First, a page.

102 years after they began farming at Coldham, Co-op announces sale of its 3,800 acre estate in wake of banking scandal
15:10 26 February 2014
The Co-operative group is to sell its 3,800 acre estate in Fenland- together with 14 other farms totalling 50,000 acres- following publication of “pretty ugly” results by its banking division.
With farm land in the Fens and West Norfolk currently fetching up to £10,000 an acre it could command a price tag of up to £40m.
Chief executive Euan Sutherland said today the Co-op had decided that its farms “are non core” and would be sold.
The decision follows substantial losses last year by its bank – where it still has a 30 per cent share- which has been beset by scandal in recent years.
Mr Sutherland made the “pretty ugly” remark in an interview last week but will wait until the end of March before confirming group losses later which the BBC has predicted will be £2bn.
The bank losses follow the Co-op’s ill fated merger with the Britannia Building Society five years which contributed to a first half loss last year of £779m.
Mr Sutherland moved in last year to begin a turn around and now plans to consider the sale of other Co-op assets including its pharmacies.
The sale of the Coldham farm, however, will wipe away generations of history since the Co-op first acquired it 102 years ago.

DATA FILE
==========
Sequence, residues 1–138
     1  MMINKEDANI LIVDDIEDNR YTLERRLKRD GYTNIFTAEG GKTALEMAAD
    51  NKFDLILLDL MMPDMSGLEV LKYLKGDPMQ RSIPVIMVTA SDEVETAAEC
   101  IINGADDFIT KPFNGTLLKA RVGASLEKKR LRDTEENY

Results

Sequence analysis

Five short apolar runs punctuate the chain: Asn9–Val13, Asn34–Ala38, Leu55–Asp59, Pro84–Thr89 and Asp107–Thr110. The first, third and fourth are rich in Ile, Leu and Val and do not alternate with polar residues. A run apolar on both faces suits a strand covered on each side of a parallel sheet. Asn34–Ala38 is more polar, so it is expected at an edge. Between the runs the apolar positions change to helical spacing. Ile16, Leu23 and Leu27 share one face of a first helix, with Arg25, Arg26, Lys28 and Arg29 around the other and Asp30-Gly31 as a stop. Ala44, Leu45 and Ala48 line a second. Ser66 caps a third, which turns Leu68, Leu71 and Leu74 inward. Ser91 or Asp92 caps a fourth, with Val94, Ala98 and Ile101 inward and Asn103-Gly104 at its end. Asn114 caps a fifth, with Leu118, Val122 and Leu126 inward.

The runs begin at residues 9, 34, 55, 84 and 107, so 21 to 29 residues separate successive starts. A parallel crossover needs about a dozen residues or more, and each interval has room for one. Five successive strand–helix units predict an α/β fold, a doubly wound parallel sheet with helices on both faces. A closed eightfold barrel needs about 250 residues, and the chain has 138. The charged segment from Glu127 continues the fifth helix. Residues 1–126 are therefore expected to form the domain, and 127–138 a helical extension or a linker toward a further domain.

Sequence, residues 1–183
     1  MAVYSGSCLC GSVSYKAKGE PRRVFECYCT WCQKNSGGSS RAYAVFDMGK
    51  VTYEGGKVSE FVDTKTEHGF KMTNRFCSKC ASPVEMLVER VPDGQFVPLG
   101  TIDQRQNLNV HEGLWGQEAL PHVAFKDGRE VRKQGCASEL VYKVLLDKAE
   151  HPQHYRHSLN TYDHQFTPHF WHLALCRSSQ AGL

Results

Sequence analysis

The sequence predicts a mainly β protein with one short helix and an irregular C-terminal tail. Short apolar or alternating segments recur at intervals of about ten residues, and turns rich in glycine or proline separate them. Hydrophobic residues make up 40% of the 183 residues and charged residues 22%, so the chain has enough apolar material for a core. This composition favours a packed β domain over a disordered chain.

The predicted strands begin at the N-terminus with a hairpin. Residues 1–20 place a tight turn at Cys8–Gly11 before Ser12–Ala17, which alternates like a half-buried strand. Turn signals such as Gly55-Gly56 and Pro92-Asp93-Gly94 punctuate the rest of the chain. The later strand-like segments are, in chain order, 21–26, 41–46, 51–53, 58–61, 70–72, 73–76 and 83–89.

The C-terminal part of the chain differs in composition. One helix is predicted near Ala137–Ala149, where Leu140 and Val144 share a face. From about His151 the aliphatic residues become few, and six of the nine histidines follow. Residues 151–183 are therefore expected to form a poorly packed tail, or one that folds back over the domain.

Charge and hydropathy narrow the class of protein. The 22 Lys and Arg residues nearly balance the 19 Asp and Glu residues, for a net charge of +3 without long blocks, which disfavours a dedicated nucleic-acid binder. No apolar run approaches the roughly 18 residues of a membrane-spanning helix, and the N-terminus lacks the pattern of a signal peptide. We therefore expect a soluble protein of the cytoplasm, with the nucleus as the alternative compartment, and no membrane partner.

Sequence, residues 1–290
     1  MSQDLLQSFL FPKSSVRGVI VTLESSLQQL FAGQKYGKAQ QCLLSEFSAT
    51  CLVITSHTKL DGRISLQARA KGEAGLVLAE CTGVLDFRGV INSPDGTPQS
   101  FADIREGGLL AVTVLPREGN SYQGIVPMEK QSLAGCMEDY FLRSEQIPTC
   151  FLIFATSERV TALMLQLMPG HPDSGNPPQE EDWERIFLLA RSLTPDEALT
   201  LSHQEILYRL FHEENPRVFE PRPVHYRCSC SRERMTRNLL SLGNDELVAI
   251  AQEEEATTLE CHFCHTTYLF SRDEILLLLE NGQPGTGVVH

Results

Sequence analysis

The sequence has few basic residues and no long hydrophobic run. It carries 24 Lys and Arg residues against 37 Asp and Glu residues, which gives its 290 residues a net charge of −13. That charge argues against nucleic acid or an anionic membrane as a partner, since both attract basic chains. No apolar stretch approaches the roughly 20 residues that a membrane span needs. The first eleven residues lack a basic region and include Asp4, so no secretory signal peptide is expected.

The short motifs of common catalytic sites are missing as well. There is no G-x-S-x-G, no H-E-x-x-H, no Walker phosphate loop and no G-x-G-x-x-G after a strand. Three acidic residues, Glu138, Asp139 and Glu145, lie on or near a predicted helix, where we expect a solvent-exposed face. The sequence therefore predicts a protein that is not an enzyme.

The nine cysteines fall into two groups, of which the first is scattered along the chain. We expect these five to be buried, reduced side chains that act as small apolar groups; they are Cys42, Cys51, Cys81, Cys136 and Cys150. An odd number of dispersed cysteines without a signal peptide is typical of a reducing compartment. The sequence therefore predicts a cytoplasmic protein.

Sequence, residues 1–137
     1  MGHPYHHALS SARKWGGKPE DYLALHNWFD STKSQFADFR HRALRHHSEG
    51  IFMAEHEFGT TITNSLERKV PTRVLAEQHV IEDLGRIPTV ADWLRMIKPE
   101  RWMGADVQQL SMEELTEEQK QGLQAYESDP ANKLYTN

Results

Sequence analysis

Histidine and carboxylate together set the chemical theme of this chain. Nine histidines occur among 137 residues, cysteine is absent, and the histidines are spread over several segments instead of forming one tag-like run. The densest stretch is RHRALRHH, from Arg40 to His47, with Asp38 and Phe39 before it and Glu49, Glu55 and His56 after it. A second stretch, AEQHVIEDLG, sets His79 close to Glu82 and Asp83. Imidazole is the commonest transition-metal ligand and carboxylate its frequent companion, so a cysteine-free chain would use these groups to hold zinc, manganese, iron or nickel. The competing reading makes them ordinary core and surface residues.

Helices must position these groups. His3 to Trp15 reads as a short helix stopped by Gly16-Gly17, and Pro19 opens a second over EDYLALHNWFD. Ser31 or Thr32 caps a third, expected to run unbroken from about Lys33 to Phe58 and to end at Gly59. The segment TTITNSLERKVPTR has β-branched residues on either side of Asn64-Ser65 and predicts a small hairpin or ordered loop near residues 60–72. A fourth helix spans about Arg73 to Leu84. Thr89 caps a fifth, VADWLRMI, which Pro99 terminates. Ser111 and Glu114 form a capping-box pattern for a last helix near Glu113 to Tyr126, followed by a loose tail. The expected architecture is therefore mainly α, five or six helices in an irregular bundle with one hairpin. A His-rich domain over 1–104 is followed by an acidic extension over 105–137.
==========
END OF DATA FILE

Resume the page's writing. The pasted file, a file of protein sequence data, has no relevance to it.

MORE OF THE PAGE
Farm manager Tom Paybody said during the 100 year anniversary celebrations that the Co-op’s principles of “responsible farming, good land and people management and care for the environment” still applied in the 21st century.
The Coldham estate near Wisbech centres around Hall Farm where a small team bring in extra workers during the busy harvest to grow onions, shallots, potatoes, sugar beet, beans, wheat and rapeseed.
Coldham has also become increasingly well known for its commitment to wind energy and created their first wind farm there in 2005 in conjunction with Scottish Power.
The farm also has a ‘green schools revolution’ education centre which encourages visitors to explore healthy living options and renewable energy.
However the Co-op is thought to only produce about two per cent of the food sold through its own store although in 2012 it produced a new range of potatoes.